The Bounce Effect

Publication: The New York Times

Author: Andrew Kohut

09/10/2008 - The post-convention polls are in and they show John McCain getting quite a bounce from his convention. He not only wiped out the lift in the polls that Barack Obama got from his convention, but he is now polling better than he has at any point this year in most surveys.

The CBS poll, which was conducted from Sept. 5 to Sept. 7, has Mr. McCain at 46 percent and Mr. Obama at 44 percent among a national sample of registered voters. Prior to the conventions that poll tipped to Mr. Obama — 45 percent to 42 percent. The ABC/Washington Post survey taken at the same time shows a similar trend. And the Gallup surveys show an even more pronounced gain in support for the Republican candidate among registered voters, with Mr. McCain leading with 50 percent to Mr. Obama’s 46 percent. Other national polls also show movement in a Republican direction. There is little doubt that the fall election campaign begins in earnest with Mr. McCain having gained the momentum.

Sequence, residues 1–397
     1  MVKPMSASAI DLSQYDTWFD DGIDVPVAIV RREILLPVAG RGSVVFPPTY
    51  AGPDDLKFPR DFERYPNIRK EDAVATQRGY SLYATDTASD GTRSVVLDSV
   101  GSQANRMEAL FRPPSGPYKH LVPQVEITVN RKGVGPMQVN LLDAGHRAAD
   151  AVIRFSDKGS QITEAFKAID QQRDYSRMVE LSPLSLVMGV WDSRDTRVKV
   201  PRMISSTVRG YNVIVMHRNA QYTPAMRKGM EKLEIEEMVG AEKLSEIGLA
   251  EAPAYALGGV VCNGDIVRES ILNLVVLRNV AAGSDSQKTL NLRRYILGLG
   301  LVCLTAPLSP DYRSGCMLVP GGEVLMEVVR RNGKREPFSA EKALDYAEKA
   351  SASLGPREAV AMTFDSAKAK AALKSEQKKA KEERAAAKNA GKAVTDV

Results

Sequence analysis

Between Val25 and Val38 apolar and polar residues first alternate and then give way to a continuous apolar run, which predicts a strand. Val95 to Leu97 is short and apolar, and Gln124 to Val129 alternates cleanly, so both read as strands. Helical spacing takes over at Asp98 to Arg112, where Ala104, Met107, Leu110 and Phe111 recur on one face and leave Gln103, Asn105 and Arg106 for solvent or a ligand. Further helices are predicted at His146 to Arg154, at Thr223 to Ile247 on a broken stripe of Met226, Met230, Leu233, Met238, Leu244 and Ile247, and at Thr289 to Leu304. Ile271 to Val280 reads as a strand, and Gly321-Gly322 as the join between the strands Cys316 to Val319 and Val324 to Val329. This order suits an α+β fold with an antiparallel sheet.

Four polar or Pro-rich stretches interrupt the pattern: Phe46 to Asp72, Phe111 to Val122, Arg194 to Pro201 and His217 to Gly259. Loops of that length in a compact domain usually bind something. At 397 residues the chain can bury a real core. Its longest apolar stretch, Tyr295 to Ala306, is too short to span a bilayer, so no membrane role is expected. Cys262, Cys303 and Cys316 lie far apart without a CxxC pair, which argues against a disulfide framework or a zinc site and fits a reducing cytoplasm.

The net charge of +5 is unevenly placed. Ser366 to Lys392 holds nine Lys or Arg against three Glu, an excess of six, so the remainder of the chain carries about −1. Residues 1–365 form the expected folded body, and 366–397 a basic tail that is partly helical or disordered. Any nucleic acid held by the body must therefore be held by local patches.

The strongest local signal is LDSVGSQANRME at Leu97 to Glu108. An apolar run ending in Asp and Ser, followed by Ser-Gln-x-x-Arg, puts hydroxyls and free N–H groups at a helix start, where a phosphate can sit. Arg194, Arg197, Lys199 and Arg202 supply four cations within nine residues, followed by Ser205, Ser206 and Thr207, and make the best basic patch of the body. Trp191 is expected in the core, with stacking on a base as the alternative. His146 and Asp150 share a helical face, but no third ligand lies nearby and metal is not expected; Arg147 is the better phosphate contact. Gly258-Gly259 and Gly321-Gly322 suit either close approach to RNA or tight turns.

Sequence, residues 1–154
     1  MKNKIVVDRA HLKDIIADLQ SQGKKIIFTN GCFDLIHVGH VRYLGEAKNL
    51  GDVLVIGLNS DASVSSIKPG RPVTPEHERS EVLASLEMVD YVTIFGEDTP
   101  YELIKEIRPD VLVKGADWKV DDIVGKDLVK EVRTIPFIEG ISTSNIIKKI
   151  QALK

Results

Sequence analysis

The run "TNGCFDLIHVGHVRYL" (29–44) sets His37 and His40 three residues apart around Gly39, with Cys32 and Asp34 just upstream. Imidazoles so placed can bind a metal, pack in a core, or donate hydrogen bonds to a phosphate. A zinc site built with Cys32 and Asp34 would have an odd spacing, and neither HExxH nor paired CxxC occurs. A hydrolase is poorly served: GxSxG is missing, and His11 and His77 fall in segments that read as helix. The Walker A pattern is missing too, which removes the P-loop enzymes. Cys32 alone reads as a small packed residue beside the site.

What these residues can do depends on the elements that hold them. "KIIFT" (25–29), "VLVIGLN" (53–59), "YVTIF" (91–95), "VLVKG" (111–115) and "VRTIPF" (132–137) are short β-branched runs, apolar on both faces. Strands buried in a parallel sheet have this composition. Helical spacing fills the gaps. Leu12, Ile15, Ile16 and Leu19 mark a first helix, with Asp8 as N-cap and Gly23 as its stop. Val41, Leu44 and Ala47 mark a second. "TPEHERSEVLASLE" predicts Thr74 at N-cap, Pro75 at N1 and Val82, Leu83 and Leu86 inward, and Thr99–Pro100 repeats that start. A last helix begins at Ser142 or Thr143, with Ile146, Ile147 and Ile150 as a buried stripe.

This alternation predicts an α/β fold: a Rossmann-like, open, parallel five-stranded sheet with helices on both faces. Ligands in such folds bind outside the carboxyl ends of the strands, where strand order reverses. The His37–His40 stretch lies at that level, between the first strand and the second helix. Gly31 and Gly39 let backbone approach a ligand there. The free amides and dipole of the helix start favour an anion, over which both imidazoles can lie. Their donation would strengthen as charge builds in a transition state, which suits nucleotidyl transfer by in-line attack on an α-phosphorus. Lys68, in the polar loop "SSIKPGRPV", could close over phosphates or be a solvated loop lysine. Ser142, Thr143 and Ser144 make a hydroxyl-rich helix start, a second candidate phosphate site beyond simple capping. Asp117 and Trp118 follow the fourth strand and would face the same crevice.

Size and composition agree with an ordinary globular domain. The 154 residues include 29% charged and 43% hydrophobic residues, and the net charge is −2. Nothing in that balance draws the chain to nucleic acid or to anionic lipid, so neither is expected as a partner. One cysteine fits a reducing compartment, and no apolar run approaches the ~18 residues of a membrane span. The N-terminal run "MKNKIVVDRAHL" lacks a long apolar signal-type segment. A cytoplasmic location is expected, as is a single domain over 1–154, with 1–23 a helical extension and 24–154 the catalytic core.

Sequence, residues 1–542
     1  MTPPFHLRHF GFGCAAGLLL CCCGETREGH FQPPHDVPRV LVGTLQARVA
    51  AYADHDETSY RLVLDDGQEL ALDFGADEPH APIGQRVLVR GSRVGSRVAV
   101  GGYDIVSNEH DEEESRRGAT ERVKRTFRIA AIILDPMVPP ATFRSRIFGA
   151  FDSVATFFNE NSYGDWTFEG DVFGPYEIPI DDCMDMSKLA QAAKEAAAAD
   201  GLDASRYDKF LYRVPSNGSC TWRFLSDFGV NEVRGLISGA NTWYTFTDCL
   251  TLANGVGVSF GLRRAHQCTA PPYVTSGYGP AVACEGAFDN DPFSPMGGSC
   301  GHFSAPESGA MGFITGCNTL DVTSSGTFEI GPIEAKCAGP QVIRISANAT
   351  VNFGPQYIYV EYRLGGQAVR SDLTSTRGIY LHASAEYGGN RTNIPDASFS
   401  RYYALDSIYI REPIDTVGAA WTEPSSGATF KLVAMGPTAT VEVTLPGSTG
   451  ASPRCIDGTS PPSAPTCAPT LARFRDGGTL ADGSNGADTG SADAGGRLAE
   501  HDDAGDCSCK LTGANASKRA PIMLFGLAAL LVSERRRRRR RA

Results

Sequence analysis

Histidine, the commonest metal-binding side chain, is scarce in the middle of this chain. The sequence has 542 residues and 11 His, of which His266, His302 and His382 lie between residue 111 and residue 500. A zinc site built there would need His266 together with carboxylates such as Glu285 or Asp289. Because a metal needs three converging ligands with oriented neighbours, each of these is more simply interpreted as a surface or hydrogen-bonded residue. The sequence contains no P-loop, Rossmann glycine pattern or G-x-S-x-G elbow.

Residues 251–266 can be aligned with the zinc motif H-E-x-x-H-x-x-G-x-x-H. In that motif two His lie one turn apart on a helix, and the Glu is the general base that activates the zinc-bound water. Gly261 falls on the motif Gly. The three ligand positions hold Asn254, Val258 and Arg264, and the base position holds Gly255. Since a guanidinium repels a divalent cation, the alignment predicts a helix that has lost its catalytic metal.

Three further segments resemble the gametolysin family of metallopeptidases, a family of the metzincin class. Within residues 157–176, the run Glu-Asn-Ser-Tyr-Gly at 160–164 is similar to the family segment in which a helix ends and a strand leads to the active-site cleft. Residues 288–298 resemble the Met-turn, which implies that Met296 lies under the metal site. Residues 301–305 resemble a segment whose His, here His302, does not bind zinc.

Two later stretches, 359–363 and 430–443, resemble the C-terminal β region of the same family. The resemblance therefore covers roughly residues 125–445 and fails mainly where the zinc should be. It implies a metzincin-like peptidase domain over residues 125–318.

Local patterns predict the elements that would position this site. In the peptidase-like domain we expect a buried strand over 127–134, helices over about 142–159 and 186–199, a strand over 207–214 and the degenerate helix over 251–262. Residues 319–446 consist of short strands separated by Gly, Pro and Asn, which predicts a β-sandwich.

The question is, how good an indicator is this of where the electorate is headed on Nov. 4? A historical look at recent elections shows mixed results. In five of the seven elections since 1980, the candidate with the lead in early September went on to victory in November. In only two elections did the leading candidate go on to lose the election. But the record also suggests that when there was a change in momentum, in three cases that candidate won the election, and in two he was defeated.

Read the full commentary The Bounce Effect on The New York Times Web site.

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